Washington was officially coated by 0.3 inches of snow and sleet Monday night, ending its third-longest streak on record without measurable amounts. More wintry precipitation could fall in the region Sunday into early next week as another storm approaches.

The 0.3 inches of slop at Reagan National Airport, the official observing site for Washington, was not enough to put an end to the District’s longest period on record without receiving at least a half-inch of snow, which stands at 705 days and counting.

Monday night’s wintry mix generally produced a coating to an inch of snow and sleet from the District northward. Most of the precipitation fell between about and 6 and 9 p.m., after which the precipitation tapered off to light freezing rain and drizzle, offering a glaze of ice (between 0.05 and 0.15 inches) north and west of the Beltway.

The amount of snow and sleet that fell inside the Beltway, around a coating, was consistent with Capital Weather Gang’s low-end forecast for the area. To the north, amounts between 0.5 and 1.0 inches were a bit below the predicted 1 to 3 inches.

Rain, which moved into the region around sunset, changed to a wintry mix as predicted, but the intensity and overall amounts were somewhat less than models indicated.

The wintry mix slicked untreated roads and sidewalks, but treated and well-traveled roads mostly remained wet.

Sunday-Monday storm potential

Computer models are advertising the potential for the next bout of wintry weather Sunday into early next week. Depending on which model you believe, it could be a minor event or perhaps something more significant.

Interestingly, the responsible storm is the same one predicted to bring blizzard conditions to the Sierra Nevada in California on Wednesday and Thursday.

The American modeling system leans more toward a minor event, whereas the UKMet, Canadian and European models suggest a moderate to major winter storm.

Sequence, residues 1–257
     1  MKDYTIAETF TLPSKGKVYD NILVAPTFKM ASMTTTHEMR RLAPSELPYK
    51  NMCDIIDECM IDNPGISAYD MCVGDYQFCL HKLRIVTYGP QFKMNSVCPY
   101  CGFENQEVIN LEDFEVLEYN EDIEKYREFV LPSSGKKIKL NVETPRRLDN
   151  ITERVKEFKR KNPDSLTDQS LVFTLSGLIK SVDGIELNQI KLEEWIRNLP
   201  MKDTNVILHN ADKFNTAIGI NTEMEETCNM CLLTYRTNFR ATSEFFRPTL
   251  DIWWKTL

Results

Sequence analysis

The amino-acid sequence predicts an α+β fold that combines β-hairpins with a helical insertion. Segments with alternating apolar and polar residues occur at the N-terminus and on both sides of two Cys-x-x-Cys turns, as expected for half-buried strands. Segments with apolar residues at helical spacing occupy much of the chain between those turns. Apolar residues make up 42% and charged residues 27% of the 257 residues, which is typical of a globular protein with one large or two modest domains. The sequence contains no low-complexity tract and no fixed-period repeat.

These international models track the storm far enough south to pose a snow threat in the region. They forecast a zone of low pressure ejecting from the Southwest United States to end up between Kentucky and Ohio late Sunday before a new low-pressure center forms over eastern North Carolina. That secondary low will help hold the cold air in across our area, yielding a mostly snow scenario.

However, even if the secondary low forms to our south along or near the coast, how quickly it develops and exactly where it tracks would determine how much snow we see. Anytime the primary low tracks as far north as Kentucky or Indiana, we have a steep hill to climb to garner significant snowfall. Lots of pieces have to come together.

The European model Tuesday showed a rather extreme forecast, with an intense secondary low-pressure zone developing in eastern North Carolina on Sunday night before stalling near the Virginia Tidewater on Monday, and then crawling up the coast of the Delmarva Peninsula through Tuesday, just offshore. Its solution produces tremendous and historic snowfall in the Mid-Atlantic. However, with the storm five to seven days away, such a forecast must be considered with skepticism.

The European model ensemble, a set of 50 simulations with slight tweaks to each one to capture uncertainty, is not quite as extreme as its main simulation about the snow potential. If you take the average of the simulations, it indicates about one-third the amount of snow as the main simulation, but that’s still not insignificant (around 8 to 10 inches).

The latest American model forecast doesn’t show the necessary ingredients for a major snow event. It tracks the low-pressure zone to our northwest, which usually is not favorable for snow as it draws mild air into our region. That said, the model still predicts some snow in the storm’s initial phase early Sunday before the cold air is scoured out and precipitation changes to a wintry mix and rain, not unlike the storm system Monday night.

The key differences in the model forecasts are apparent in their ensemble systems, which illustrate the range of storm track possibilities. As shown in the image below, the American modeling system simulates more northerly storm tracks, less favorable for snow, compared with the European modeling system.

Recall that the American model struggled in its prediction for Thursday’s weather, at first calling for a major snowstorm, whereas the European model correctly called for the storm to miss to our south. Snow lovers might hope that the European once again carries the day.

At this point, it’s too early to determine which model will win out. We’ll be monitoring the potential storm over the next couple of days while waiting for the models to converge on a solution.